It’s trouble in hoodie paradise as long time nesting partners KM (male) and RP (female) have split up after a floater, BL (male) kicked KM out of his territory. Read more
There are hundreds of unique reptiles that call Australia home, but did you know that there are at least twelve different species of lizard call Anglesea home? Read more
The GORCC office staff have put their heads together to come up with a list of their favourite five animals which are unique to the Surf Coast. Read more
The image of a kangaroo and her joey are among the new images capturing some of the coast’s diverse fauna as part of the Great Ocean Road Coast Committee’s (GORCC) motion-sensor, infrared camera monitoring. Read more
Local volunteers are working around the clock in an effort to help recently hatched Hooded Plover chicks survive on busy Surf Coast beaches this breeding season. Read more
Three vulnerable Hooded Plover chicks have hatched at Point Impossible over the weekend, making them the first chicks to hatch on the Great Ocean Road Coast Committee (GORCC) managed land this year. Read more
Illegal behaviour on coastal reserves such as lighting fires, littering and destroying vegetation is impacting the environment and sparking safety concerns, with the Jan Juc clifftops a particular problem zone. Read more
Did you know that without active management, Hooded Plovers (aka ‘hoodies’) only have a 2.5% chance of survival from egg to adult? Or that hoodies breed as a pair, with both male and female taking turns to incubate the eggs? Read more
GORCC’s 2015-2020 Native Vegetation and Weed Action Plan (NVWAP) has been released.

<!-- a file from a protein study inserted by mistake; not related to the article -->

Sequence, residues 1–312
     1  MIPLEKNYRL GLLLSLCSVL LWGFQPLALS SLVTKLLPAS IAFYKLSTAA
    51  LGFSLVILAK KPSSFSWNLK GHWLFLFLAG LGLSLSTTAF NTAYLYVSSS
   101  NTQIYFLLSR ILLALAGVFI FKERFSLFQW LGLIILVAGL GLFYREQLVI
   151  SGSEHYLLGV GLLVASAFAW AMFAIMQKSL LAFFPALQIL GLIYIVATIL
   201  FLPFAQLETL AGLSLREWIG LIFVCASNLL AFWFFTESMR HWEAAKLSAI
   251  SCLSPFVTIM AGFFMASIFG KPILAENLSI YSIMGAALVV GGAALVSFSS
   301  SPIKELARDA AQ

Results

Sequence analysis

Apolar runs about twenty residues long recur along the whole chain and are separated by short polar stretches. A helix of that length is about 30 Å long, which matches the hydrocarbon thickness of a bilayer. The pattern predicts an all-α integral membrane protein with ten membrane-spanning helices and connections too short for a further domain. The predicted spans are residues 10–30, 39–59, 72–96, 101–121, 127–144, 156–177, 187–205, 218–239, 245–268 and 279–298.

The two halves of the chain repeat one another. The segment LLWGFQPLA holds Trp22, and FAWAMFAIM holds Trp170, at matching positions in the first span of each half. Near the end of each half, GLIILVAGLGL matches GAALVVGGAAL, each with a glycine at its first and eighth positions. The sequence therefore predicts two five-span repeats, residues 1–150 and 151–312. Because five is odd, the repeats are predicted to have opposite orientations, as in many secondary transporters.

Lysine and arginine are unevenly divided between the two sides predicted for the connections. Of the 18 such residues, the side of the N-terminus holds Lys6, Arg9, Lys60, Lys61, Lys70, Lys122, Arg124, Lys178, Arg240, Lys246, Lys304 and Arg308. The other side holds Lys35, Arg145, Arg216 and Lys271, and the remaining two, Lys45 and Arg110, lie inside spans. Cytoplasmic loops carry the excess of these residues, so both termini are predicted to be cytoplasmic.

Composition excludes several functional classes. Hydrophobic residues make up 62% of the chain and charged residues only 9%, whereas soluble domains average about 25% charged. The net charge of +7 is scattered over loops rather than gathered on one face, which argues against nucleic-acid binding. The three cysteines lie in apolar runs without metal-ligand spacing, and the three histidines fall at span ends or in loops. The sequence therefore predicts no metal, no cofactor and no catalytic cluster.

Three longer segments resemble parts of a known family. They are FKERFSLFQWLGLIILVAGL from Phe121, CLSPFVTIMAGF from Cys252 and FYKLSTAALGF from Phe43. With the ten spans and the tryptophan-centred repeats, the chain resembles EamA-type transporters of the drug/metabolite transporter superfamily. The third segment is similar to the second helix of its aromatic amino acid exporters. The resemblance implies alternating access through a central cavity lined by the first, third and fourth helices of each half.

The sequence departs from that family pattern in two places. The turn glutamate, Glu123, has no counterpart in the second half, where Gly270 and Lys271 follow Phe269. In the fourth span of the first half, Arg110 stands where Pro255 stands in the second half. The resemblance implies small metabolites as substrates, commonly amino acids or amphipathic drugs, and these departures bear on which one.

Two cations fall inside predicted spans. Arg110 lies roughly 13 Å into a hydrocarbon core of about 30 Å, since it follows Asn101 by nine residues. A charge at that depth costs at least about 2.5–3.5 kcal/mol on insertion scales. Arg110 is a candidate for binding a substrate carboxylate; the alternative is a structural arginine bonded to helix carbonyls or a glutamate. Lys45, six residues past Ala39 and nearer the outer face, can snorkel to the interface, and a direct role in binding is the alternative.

GORCC engaged locally based consultant Beacon Ecological to lead the revision of original 2009 NVWAP. The updated 2015 NVWAP will guide GORCC’s on-ground conservation work over the next five years and aims to protect and enhance ecological values along the 37km of coast under GORCC’s care.
GORCC Environmental Projects Coordinator Alex MacDonald said the updated plan sees a continued focus on the eradication of weeds which are identified as the key threat to coastal biodiversity.
“Weeds have been identified as the number one threat to GORCC coast management.
“It is a widespread issue which is difficult to combat without a sustained and coordinated effort,” she said.
The revision and development process included consultation with local environmental volunteer groups, land managers and other key stakeholders.
Ms. MacDonald said GORCC and environmental volunteers had made significant progress in combatting invasive weeds along the Surf Coast, but that weed eradication remained a big challenge.
“Invasive species can have devastating impacts on the biodiversity on GORCC managed land, which is why it is important to develop and implement an effective action plan for future management,” she said.
How do you plan to overcome the weeds in your backyard? Let us know in the comments below!